President Donald Trump announced on Oct. 13 his decision to decertify the July 2015 multilateral nuclear deal with Iran, which he has termed “an embarrassment.” Trump asserted the deal does not serve U.S. national security interests, and Iran has not abided by the spirit of the agreement.
To be sure, Trump’s arguments are not without merit. The deal has obvious and significant flaws, not the least that it is of limited duration, with Iran free to resume its nuclear and possible nuclear weapons-related activities afterward, that it leaves in place most of Iran’s nuclear infrastructure and fails to place any constraints on Iran’s burgeoning cruise and ballistic missile programs.
From this perspective, a decision to decertify would send a strong message to Iran and the international community about the administration’s seriousness. Trump likely will turn to Congress to decide whether to reimpose sanctions on Iran, possibly as a means to press Iran to accept a new set of negotiations designed to “strengthen” the agreement.
There is another perspective that argues in a different direction and for which the administration seems unprepared to contemplate.
Iranian spokesmen, including President Hassan Rouhani, have stated unequivocally the Tehran government will not agree to reopen the deal. At the same time, Rouhani almost certainly will be pressed by Iranian hardliners, including Supreme Leader Ali Khamenei and the powerful Islamic Revolutionary Guard Corps, if not to abandon the deal then to at least prepare for the possible resumption of the nuclear program on the pretext the U.S. will continue to agitate against Iran regardless of whether the deal remains in effect.
Trump also will have major challenges from the U.K., France and Germany, the European parties to the agreement. Each of those nations has its own sizable political challenges, and none has any appetite for reopening what inevitably would be a contentious and protracted negotiation. Across Europe, there is broad consensus the nuclear deal, while flawed, is being implemented by Iran.
The International Atomic Energy Agency (IAEA), the U.N.’s nuclear watchdog charged with monitoring the agreement, has reached the same conclusion. Whether the Europeans and the IAEA are right or not in at least one respect doesn’t matter. Decertification likely would further isolate the U.S. at a time when American support in many places overseas already is at its nadir.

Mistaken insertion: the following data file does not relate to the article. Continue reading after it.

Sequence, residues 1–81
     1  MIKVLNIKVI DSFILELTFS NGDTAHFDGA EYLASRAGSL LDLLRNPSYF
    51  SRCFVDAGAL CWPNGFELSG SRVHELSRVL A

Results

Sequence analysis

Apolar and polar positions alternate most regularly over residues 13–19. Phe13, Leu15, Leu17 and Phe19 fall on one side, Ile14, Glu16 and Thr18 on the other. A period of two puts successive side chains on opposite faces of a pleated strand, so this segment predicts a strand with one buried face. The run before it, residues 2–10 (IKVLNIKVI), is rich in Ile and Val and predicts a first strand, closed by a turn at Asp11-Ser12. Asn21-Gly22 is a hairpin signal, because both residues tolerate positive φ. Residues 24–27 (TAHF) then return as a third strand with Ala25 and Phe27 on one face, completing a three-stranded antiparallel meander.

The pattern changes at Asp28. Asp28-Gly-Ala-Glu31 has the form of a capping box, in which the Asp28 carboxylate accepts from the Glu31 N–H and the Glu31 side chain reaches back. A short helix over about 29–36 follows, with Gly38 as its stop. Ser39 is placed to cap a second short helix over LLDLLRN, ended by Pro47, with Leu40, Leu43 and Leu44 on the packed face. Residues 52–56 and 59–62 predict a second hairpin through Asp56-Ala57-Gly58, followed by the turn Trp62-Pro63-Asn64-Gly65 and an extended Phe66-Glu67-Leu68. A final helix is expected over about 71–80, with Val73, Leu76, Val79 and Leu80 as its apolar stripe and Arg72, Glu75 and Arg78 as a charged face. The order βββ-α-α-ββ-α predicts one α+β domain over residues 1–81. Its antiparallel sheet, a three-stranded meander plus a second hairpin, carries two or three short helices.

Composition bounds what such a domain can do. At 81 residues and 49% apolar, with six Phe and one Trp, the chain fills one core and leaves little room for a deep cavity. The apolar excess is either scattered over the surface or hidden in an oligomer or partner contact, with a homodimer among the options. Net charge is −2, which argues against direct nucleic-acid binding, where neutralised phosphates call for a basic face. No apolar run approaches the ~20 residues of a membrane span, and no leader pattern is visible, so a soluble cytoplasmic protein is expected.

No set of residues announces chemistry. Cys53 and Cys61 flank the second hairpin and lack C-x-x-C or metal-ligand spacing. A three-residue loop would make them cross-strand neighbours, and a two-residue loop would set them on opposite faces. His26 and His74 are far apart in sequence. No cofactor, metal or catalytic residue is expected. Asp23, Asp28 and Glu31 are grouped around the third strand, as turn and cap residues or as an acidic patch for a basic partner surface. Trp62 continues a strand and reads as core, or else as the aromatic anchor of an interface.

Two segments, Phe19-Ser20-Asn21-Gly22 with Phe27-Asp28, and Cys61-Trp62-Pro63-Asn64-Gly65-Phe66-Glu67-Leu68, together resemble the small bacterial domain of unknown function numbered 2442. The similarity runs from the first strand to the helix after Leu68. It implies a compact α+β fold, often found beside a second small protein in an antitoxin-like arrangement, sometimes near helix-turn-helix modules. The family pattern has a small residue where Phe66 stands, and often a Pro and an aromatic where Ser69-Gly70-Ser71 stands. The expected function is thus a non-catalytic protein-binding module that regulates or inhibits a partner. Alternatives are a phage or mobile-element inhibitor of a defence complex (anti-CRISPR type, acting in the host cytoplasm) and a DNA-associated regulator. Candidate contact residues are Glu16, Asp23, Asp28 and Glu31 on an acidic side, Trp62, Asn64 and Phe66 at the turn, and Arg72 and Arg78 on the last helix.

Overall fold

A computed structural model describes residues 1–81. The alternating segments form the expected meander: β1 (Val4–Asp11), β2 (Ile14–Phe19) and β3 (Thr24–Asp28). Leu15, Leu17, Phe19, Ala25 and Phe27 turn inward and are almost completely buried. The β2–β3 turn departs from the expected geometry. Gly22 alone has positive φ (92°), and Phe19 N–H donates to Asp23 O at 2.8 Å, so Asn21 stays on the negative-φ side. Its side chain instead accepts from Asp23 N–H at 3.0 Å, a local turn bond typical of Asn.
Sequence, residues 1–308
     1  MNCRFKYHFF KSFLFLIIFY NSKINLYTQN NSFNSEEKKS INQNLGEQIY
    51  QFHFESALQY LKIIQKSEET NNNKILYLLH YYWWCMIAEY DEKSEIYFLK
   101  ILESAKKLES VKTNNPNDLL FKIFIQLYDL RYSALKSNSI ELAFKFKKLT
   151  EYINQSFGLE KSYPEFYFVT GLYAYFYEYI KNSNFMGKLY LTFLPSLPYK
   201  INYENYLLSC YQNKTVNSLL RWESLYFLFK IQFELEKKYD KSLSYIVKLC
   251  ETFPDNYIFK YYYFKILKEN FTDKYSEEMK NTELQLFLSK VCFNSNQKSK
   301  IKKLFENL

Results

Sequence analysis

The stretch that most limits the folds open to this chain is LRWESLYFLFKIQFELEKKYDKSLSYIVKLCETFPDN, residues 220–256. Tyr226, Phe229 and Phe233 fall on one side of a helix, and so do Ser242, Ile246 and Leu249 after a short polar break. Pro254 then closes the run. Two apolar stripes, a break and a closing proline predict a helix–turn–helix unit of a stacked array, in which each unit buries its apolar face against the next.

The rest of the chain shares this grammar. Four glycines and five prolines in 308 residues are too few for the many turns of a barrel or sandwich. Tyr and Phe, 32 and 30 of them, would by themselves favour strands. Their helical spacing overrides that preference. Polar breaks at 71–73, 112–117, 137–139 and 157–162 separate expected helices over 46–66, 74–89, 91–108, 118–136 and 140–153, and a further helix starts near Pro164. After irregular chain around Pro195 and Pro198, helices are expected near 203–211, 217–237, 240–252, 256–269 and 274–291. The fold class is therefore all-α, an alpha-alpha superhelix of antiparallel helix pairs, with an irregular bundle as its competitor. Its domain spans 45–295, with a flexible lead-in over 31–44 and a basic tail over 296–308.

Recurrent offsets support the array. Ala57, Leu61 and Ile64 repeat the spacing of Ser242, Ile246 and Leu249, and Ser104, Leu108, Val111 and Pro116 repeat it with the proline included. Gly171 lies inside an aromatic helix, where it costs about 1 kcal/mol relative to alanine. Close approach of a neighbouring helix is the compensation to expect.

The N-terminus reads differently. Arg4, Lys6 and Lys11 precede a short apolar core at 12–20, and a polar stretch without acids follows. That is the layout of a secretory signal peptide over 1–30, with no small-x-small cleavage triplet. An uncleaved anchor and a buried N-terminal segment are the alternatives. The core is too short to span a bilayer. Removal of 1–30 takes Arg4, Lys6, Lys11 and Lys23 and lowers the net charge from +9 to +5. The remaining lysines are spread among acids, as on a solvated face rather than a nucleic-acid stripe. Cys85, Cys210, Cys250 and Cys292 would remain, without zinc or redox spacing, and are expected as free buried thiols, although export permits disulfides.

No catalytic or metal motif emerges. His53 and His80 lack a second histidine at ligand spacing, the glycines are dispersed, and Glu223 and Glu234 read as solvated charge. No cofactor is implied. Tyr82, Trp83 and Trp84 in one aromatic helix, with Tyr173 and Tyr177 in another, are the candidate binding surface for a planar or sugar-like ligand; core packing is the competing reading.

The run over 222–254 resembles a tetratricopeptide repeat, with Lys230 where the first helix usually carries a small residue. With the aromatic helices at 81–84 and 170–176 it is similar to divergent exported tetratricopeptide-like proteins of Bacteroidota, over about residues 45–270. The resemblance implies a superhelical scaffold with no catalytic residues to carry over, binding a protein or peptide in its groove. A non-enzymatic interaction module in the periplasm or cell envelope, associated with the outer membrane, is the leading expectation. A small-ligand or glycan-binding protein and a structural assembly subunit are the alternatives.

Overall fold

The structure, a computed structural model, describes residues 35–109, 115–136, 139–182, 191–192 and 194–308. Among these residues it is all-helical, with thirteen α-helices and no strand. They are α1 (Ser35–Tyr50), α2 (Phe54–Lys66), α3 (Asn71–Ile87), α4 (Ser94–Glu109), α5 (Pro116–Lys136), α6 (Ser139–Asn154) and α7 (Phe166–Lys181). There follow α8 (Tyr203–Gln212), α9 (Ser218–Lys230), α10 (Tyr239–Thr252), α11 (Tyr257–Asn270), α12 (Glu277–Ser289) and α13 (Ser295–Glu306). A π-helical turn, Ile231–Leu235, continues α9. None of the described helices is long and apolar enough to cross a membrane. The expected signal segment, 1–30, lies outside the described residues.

Even more daunting for the U.S. would be the likely enhanced support for Iran from Russia and China if Trump chooses the inevitable diplomatic confrontation resulting from decertification. Under conditions in which Trump seeks Chinese help in confronting North Korea and in which Russia works closely with Iran, Trump could wind up undermining broader U.S. interests.
This is a Rubik’s Cube of policy challenges and one the Trump administration, lacking foreign policy expertise and with a largely ineffective State Department, seems ill-equipped to manage creatively.
Is there a path forward that preserves the essence of Trump’s concerns but does not trigger a diplomatic crisis long before the deal is set to expire? That’s a high bar that may be impossible to surmount but still is worth considering.
First, in his announcement, Trump argued that while he is decertifying the agreement, he is requesting Congress do what it does best: take no action. This will preserve future options as the Europeans at present have no interest in supporting a new sanctions regime.
At the same time, Trump could announce the U.S. is implementing a “watchful waiting” strategy. As part of that strategy, the U.S. after 18 to 24 months of monitoring would call for a “midterm” international conference to assess Iran’s compliance with the agreement. The other parties to the agreement would be hard-pressed to ignore such a proposal. If Iran refused such a meeting, the president could then request new sanctions. By that time, all parties would have a much fuller idea of Iran’s level of compliance.
International support is essential; for better or worse, the multilateral nature of the agreement means little can be accomplished diplomatically by U.S. unilateral actions.